Another family that we loved in Bloomington, Illinois, was Steve and Cindy Tandy and their young son Brandon. They had moved there from Kansas and we all went to the same church, as did the Olberdings and Dick Wright.
We started what we called our “Gourmet Club” with Olberdings and Tandys. I think there was another couple, too. Each month, one of us would choose a menu of foods we’d never cooked. We would assign a dish or two to each person coming and the host couple would prepare the main course.
I remember two of those dinners. The first was our first meeting. I’d made paella and deep-fried tostadas and the others had brought guacamole (a new dish for all of us in 1969) and other Hispanic dishes. I’d gotten the recipes from Redbook magazine. We had folders in which we kept the recipes and I still have some of mine.
A most memorable dinner at our house was one in which Cindy and Steve were in charge. We had Chinese food and we ended with ice cream and fortune cookies furnished by Steve and Cindy. They insisted we wait to break open all our cookies at once. When we did, the note inside said they were expecting a baby! We were all so excited for them. That baby turned out to be Ryan, but by the time he was born we were living in Kentucky. (Cindy had carefully extracted the fortunes from the cookies and replaced the paper with their announcement. She crushed many cookies in the process, but it was a great success!)
When they lived in Iowa, they invited Steve Boyd to come speak for a weekend event at their church. We loved getting together again and catching up. Josh and Ryan were still toddlers, I think. I remember getting to know some of their good friends there and having dinner at their home.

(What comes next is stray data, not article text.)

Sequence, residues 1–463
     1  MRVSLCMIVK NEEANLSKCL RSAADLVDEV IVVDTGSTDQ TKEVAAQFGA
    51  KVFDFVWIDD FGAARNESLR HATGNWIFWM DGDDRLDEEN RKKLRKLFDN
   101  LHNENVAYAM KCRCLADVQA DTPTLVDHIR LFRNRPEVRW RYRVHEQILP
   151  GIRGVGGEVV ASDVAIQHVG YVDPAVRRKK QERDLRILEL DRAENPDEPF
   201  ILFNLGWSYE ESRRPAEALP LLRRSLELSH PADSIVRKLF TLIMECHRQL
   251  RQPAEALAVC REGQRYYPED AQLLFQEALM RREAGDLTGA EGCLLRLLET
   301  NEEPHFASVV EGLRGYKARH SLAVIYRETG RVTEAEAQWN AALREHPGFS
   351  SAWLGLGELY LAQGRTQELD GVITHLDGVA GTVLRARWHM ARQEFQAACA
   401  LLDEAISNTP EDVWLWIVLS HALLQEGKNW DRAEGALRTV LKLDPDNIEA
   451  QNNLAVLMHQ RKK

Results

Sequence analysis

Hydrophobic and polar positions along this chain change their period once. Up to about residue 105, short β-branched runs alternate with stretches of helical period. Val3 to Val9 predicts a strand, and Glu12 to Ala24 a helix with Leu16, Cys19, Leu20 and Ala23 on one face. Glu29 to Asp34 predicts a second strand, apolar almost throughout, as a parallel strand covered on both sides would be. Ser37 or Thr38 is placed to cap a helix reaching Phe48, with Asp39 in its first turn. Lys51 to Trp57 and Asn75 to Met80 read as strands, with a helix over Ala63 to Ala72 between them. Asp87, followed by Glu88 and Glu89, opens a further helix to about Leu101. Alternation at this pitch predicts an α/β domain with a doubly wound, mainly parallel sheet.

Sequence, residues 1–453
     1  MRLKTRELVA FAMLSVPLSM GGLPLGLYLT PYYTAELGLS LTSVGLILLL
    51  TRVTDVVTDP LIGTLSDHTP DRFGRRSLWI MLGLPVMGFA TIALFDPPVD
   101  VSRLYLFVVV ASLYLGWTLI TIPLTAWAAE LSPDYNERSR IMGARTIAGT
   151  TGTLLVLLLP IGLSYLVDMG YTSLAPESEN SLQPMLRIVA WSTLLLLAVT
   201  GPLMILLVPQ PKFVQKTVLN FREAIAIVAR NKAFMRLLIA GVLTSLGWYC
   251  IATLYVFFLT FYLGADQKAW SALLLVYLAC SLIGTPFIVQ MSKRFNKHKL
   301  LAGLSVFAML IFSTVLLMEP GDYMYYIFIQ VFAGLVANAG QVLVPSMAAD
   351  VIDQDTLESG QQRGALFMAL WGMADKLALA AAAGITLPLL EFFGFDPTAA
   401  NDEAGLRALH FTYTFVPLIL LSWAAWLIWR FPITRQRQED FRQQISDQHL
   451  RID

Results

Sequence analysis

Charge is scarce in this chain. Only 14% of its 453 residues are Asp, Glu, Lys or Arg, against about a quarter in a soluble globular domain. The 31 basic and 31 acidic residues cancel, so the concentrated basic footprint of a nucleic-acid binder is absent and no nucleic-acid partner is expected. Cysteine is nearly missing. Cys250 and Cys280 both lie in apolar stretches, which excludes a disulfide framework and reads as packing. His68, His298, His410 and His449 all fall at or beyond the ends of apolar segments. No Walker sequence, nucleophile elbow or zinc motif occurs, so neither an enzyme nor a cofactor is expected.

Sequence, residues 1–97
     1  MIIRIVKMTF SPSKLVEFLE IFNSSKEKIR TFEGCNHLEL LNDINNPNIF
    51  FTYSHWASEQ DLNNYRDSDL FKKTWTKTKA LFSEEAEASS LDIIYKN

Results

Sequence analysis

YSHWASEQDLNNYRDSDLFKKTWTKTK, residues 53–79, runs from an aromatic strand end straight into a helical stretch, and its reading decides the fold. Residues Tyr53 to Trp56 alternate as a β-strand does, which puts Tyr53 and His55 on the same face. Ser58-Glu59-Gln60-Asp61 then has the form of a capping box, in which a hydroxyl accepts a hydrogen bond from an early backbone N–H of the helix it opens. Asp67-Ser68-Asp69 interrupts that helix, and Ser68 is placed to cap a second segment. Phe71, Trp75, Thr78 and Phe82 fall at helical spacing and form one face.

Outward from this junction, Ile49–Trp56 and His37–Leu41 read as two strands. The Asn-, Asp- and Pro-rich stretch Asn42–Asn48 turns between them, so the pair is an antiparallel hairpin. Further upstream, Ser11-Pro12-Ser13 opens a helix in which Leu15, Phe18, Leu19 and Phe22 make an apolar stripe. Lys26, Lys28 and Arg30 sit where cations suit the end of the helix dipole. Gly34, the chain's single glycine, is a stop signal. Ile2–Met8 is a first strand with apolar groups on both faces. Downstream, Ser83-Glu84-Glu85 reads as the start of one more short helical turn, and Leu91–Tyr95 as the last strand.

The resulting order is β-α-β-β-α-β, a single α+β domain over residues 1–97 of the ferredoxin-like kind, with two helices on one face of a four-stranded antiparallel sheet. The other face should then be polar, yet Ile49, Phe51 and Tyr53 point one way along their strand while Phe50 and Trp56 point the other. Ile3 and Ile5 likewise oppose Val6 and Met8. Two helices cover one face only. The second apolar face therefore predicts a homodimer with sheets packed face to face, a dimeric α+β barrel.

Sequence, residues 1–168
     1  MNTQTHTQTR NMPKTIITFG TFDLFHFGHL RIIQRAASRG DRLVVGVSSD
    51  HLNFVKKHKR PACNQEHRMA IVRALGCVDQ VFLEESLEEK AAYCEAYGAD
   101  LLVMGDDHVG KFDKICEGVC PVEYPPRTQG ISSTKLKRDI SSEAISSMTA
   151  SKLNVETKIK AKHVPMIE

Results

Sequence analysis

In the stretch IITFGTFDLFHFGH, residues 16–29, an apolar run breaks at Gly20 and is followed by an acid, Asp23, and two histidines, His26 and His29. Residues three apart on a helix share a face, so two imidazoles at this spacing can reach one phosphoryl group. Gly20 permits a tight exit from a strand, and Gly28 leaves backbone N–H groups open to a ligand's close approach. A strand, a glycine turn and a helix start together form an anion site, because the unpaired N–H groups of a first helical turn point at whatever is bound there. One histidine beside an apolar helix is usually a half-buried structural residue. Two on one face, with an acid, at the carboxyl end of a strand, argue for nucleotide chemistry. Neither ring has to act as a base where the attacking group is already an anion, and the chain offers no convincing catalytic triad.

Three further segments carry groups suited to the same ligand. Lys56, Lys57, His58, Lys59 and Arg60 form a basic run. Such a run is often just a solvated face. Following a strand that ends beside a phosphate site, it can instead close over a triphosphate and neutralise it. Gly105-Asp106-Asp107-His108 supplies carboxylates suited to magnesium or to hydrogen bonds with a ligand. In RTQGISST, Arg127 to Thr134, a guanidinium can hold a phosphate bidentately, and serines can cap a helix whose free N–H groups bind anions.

The Tandys came to visit us in Fort Thomas when Ryan and Josh were teenagers. Kelsey was about eight or nine. Ryan was playing in a basketball tournament of some sort at Northern Kentucky University. We met them there and then they came home with us.
Kelsey was quite taken with Steve Tandy and jumped at the chance to ride to our house with them and give directions. Steve kept pretending to misunderstand or misinterpret what she said and she was laughing hysterically when they got home.
Cindy gave me wonderful sayings to go on my family room wall that featured the children’s pictures. One was “Build me a son, O Lord,” by General Douglas MacArthur. One of my favorite lines is “Lead him, I pray, not in the path of ease and comfort, but under the stress and spur of difficulties and challenge, here let him learn to stand up in the storm; here let him learn compassion for those who fail.” I did pray this prayer for our son at times, and I see the fruition of those prayers today as he works as a professor, preacher, and elder.
The other was “Build me a daughter, O Lord,” which was clearly modeled after the MacArthur prayer. My favorite lines that I now see in our daughter: “Build me a daughter whose heart will be clear, whose goal will be high; a daughter who will master herself before she seeks to master others; one who will reach into the future, yet never forget the past.” Her efforts to bring racial reconciliation are a reflection of this prayer.
After they returned to Kansas, Steve took over the pulpit and Bible quiz television show his dad had held for years. Cindy became a force in teaching women to follow Jesus. We were all very busy with our children and grandchildren. And Kentucky and western Kansas are very far apart, so we only kept in touch through Christmas cards.
I can’t help but smile when I see these pictures from long ago. You may be able to tell they were Polaroids, so it’s amazing that they’ve held up as well as they have. They certainly prompt lovely memories of our dear friends, Steve and Cindy Tandy. And this picture from Facebook shows they’ve changed very little over the years!